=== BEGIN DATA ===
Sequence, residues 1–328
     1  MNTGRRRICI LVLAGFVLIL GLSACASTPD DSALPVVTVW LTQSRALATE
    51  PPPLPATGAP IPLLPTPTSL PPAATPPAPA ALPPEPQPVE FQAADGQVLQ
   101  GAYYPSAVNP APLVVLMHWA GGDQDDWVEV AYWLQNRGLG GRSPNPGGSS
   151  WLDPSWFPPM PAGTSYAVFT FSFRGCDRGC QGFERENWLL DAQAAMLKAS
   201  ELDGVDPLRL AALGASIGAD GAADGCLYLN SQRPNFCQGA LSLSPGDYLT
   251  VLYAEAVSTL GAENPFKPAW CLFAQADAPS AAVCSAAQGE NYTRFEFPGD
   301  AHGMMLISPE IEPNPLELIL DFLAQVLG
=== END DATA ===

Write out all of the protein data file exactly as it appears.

Sequence, residues 1–328
     1  MNTGRRRICI LVLAGFVLIL GLSACASTPD DSALPVVTVW LTQSRALATE
    51  PPPLPATGAP IPLLPTPTSL PPAATPPAPA ALPPEPQPVE FQAADGQVLQ
   101  GAYYPSAVNP APLVVLMHWA GGDQDDWVEV AYWLQNRGLG GRSPNPGGSS
   151  WLDPSWFPPM PAGTSYAVFT FSFRGCDRGC QGFERENWLL DAQAAMLKAS
   201  ELDGVDPLRL AALGASIGAD GAADGCLYLN SQRPNFCQGA LSLSPGDYLT
   251  VLYAEAVSTL GAENPFKPAW CLFAQADAPS AAVCSAAQGE NYTRFEFPGD
   301  AHGMMLISPE IEPNPLELIL DFLAQVLG